3rd November 2020.
So, another lockdown, for at least 4 weeks. The government rejected the calls of their own scientists and Keir Starmer for a short, sharp lockdown over half-term when schools could have been shut, despite all the evidence pointing to the infection rates doubling every 9 days. So now we have a long, painful lockdown to come.
People tell me ‘You politicians are all the same. Stop playing politics with a pandemic.’ But this U turn is just one of the many that show that responsible opposition is about supporting sensible measures, but also pointing out where the government is getting it wrong so they can put it right. If the government fails to listen and co-operate, then they need to be held accountable for their mistakes, which can be so costly in lives, as well as financially.
The Council has again requested to use the £28 million left over from the business grant pot from the last lockdown for businesses in Cornwall that have missed out. Business grants will be lower this time at between £1-3,000 per month. We need local discretion to be given and used to make sure that money gets to where it is really needed. We also desperately need this time to build up our local test, trace and isolate systems as even the government has now accepted that the national Serco one isn’t working. Cornwall has strong foundations to do this.
My mum has gone into hospital today for an operation. I am jittery because I can’t get upcountry to see her now and my father isn’t allowed to visit in hospital. It made me think about all the people with relatives in hospitals and care homes who haven’t been able to see them for such a long time. Face to face visits were banned during the last lockdown. There are now guidelines on visiting, but different care providers have implemented them differently and many are only seeing their loved ones through a window, if at all.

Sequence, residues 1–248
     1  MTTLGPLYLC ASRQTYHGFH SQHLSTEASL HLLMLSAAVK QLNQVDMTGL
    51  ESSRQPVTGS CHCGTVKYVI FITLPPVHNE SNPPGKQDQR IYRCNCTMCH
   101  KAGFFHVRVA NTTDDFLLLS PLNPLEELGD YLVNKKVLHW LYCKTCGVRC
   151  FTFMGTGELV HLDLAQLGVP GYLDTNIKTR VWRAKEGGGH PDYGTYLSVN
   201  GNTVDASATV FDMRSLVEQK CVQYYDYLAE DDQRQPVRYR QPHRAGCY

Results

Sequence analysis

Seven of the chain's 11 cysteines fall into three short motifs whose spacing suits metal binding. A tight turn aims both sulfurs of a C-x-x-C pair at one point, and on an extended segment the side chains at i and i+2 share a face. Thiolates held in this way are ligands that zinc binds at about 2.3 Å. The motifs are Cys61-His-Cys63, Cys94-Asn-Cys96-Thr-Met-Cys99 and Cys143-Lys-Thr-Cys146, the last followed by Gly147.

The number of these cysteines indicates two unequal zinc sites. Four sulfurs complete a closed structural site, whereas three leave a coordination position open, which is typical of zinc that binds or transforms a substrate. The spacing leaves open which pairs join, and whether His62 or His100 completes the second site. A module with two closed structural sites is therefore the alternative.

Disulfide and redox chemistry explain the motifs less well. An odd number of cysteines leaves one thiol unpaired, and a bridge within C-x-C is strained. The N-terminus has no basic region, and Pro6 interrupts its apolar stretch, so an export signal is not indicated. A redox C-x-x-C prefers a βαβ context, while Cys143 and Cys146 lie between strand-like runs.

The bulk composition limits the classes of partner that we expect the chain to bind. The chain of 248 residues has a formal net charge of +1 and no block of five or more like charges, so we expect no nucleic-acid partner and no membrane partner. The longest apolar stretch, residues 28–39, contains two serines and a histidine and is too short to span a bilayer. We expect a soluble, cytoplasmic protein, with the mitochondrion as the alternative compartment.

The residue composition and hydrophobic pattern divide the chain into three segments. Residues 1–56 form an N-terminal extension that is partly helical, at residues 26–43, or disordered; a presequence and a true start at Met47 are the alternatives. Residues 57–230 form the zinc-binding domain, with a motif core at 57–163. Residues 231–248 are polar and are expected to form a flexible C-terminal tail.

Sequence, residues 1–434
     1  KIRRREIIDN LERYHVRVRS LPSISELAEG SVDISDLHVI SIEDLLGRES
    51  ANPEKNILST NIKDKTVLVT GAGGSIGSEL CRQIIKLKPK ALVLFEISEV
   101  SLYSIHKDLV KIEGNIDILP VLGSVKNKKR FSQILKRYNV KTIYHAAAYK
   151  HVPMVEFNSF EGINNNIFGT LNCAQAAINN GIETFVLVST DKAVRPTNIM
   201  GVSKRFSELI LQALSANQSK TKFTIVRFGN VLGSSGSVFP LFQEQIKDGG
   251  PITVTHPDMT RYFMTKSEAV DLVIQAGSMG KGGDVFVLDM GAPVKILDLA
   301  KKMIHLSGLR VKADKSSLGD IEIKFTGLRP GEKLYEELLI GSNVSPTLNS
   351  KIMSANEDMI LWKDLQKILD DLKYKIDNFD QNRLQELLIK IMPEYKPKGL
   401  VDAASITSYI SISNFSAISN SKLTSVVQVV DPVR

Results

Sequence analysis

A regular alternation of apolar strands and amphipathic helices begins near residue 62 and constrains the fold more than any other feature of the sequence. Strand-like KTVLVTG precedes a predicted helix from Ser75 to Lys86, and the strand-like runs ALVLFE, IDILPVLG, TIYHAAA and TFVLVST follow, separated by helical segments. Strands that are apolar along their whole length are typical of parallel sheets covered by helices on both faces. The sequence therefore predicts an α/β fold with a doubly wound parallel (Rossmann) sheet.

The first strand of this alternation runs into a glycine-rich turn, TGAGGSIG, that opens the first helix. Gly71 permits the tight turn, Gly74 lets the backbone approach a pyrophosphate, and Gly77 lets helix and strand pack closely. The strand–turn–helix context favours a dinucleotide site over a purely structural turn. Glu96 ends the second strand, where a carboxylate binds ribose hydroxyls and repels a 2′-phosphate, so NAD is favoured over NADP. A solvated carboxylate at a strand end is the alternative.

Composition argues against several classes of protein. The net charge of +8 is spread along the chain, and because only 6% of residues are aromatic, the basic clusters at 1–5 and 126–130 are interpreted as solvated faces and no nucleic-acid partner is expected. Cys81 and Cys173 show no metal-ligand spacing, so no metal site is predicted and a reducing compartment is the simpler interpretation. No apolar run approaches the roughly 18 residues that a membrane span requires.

The Alzheimer's Society warned that increasing numbers of people with dementia faced "giving up on life, not understanding what is going on or why they're not seeing the people they love and experiencing the things they live for."
On 13 October, Social Care Minister Helen Whately, said a trial would take place in which a relative or friend would be treated as a key worker so they could safely visit. They would have to abide by the same rules as staff when it came to weekly testing and wearing PPE.
However, the minister has not yet made good on her promise to start the pilot scheme, or make the tests that would be required available. Currently, care sector testing relies on the creaking Pillar 2 tests that can take many days to get results.
As we head into Lockdown 2, the Government still hasn’t confirmed if or how the guidelines will change again. The National Care Forum has brought together a coalition of 60 organisations who have written to Government with recommendations on how to “reset the dial to enable visiting to become the default position at this difficult time”.
The decisions taken now about visiting are life changing, and potentially life limiting for some. Care homes need to be supported to enable visits by families and loved ones so that residents can safely live their best possible life.